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October/November 2007 Issue | Volume 33 Number 7 | Page 64

Rip It!

Seven Simple Rules for Avoiding Malpractice Liability

Advice for staying on track and out of the hot seat.

Lawsuits accusing top firms of malpractice—or worse—are no longer a rarity. Burdens placed on the partners charged with putting out fires and handling claims continue to grow—especially when it comes to helping colleagues navigate increasingly difficult legal issues and ethical quandaries. Busy lawyers barely have enough time to keep up with developments in their own areas of expertise, much less the law of lawyering and the practices that constitute true loss prevention. Learning and following seven simple rules, however, can substantially decrease the likelihood of a major problem.

1.  Avoid conflicts of interest. A violation of the ethics rules is a surefire way to convert a “garden variety” mistake into a claim for fraud, conspiracy or other sinister conduct. Every firm needs at least one lawyer with expertise in identifying all varieties of ethical issues, or ready access to a skilled outside lawyer for consultation. Give firm members training that focuses on identifying conflicts, with special emphasis on those that are most common, and on requiring consultation with the firm’s conflicts resources whenever a possible problem arises.

2.  Avoid bad clients. Frequently the root cause of trouble is a client that the firm should never have agreed to represent. In most situations, the likelihood of a problem could have been predicted at the outset. Every firm should have intake procedures—including a checklist of warning signs—designed to identify potential problems. By using common sense, readily available databases and other resources, it is easy to find reliable indicators of danger, such as the reasons for a change in lawyers in the middle of a case and whether the client has a history that portends future problems.

3.  Identify the client. The objectives of a representation often are not always clear at the outset. Often multiple persons being involved in the initial consultation, each of whom may have differing interests. The situation can become even more complex when the matter involves entities, some of which have not yet been structured or formed. Before the representation begins, lawyers must assess each situation carefully to identify the client or clients that properly may be represented and the disclosures that need to be made. It is equally important to identify and advise in writing all of those whom the lawyer does not represent.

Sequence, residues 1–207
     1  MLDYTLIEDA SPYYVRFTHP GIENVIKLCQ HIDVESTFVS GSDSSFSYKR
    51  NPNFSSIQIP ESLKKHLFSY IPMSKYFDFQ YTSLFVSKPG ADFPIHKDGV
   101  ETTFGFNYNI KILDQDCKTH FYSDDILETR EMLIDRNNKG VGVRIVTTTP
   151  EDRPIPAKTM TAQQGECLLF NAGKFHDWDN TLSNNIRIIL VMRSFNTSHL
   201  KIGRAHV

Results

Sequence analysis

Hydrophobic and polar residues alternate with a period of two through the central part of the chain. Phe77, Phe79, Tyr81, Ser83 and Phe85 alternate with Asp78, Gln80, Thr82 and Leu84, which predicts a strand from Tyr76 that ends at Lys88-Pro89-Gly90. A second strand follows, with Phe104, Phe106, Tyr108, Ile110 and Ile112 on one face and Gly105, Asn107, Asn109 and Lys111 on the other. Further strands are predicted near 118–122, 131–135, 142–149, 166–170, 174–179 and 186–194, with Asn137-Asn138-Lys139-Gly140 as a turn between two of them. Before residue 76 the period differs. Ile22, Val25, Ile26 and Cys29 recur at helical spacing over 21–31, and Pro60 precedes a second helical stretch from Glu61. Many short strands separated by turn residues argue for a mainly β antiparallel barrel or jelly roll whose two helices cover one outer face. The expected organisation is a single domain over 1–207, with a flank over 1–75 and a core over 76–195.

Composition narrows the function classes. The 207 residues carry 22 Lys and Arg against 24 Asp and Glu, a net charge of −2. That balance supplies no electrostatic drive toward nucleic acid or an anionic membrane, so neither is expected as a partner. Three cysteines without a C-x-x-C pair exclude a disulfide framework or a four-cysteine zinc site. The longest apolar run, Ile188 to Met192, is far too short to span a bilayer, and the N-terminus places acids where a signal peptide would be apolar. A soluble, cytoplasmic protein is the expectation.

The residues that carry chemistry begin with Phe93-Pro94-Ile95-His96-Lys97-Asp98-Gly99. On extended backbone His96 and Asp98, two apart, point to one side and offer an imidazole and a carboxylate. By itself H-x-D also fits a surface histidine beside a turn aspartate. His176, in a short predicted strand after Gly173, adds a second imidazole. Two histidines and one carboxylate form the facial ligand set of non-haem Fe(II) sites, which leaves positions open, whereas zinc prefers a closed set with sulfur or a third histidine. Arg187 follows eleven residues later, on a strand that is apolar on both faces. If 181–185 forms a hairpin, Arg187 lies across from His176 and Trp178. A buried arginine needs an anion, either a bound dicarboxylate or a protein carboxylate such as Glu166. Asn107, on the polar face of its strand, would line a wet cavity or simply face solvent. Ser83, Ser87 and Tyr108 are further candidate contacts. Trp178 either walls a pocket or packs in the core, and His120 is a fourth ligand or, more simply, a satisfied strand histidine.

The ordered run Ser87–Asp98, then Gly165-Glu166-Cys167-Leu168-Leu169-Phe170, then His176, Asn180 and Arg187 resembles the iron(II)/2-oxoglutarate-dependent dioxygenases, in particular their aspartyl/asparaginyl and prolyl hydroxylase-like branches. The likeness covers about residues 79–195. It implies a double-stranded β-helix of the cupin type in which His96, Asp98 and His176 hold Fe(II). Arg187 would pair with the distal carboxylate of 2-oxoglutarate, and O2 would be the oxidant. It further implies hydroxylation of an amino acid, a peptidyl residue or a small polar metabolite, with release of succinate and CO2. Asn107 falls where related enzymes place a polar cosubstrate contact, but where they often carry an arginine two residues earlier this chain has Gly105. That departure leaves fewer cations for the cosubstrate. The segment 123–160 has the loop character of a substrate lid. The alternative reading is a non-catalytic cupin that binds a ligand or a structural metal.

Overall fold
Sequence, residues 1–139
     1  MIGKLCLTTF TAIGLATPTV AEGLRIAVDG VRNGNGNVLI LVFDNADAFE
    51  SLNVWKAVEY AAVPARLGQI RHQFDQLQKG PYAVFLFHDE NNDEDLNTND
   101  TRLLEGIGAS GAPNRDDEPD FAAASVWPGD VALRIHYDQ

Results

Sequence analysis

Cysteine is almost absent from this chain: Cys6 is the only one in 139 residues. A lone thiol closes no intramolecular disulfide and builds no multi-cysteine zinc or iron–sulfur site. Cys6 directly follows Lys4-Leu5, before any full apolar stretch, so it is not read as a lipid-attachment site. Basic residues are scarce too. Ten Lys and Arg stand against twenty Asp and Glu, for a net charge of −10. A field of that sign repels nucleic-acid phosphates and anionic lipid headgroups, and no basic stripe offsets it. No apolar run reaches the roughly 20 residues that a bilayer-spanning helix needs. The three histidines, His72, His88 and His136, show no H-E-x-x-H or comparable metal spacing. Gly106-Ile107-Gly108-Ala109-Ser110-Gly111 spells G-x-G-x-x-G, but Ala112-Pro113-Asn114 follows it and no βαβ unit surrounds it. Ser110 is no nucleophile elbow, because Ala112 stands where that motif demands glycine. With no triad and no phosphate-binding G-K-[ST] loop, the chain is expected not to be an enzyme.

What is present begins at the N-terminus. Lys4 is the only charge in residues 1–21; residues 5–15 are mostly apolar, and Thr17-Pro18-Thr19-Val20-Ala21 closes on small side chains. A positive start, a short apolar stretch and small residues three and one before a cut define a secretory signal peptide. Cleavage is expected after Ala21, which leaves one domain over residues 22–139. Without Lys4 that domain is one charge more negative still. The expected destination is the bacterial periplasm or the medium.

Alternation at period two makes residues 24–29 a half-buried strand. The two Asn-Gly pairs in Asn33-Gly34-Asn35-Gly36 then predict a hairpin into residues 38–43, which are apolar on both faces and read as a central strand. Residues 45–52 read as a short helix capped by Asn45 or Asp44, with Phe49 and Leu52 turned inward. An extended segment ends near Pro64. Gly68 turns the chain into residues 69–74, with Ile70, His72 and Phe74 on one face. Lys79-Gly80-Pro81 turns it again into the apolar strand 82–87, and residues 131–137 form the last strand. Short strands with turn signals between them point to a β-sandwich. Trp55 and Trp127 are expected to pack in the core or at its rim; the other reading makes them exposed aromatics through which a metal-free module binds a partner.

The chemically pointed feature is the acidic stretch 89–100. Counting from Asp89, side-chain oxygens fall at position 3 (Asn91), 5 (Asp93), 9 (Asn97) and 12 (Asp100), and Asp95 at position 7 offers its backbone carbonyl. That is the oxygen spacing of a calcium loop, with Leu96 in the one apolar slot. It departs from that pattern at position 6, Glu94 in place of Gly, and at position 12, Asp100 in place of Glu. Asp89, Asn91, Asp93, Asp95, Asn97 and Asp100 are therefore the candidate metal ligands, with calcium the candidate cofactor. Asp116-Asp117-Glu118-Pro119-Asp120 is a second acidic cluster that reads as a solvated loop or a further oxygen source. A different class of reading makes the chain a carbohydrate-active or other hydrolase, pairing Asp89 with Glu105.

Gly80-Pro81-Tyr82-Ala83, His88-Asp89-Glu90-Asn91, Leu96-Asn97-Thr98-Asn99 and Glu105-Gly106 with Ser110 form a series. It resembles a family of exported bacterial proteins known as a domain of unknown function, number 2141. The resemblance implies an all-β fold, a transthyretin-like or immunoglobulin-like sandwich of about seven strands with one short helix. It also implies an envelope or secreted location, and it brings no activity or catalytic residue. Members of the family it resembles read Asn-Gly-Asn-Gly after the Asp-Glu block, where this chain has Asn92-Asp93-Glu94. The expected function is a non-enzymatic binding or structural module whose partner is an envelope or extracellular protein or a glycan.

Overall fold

4.  Use engagement letters wisely. The engagement letter is the lawyer’s best opportunity to establish the ground rules of the representation. Clients rarely object to fair provisions, even those designed to protect the law firm. Do not squander the opportunity by using a form engagement letter. Every new matter should be initiated with a carefully crafted letter that is tailored to fit the requirements of that matter and is countersigned by the client.

5.  Avoid suing for fees. A law firm that sues to recover unpaid fees almost inevitably faces a malpractice counterclaim, even if the firm’s work was flawless and good results were achieved. If you must sue, make sure that someone objective vets the file for possible problems beforehand. Also be sure to perform a cost-benefit analysis to make sure that the amount at stake justifies the risk, aggravation and costs.

6.  Remember that honesty is the best policy. Clients rightfully expect their lawyers to deal with them fairly and honestly. Any lawyer who fails to meet this expectation will predictably be caught and face serious problems—not the least of which is a former client who will need little motivation to sue and file a disciplinary complaint.

7.  Don’t be bashful about seeking help. Lawyers who try to fix their own mistakes are likely to make the errors worse. Every firm should require its lawyers to seek help from inside or outside counsel at the first hint of a problem, even if they think a client’s complaint is baseless or will “go away.” Those who opt to ignore or cover up a mistake or threatened problem (even one that turns out to be a false alarm) should be penalized. A critical component of successful loss prevention is solving little problems before they become big ones—which they almost always do absent prompt attention by an experienced lawyer with the right skills.

About the Author

Alan S. Rutkoff is a partner of McDermott Will & Emery LLP and the firm’s General Counsel. He represents, counsels and speaks to lawyers about professional liability, loss prevention and ethics issues.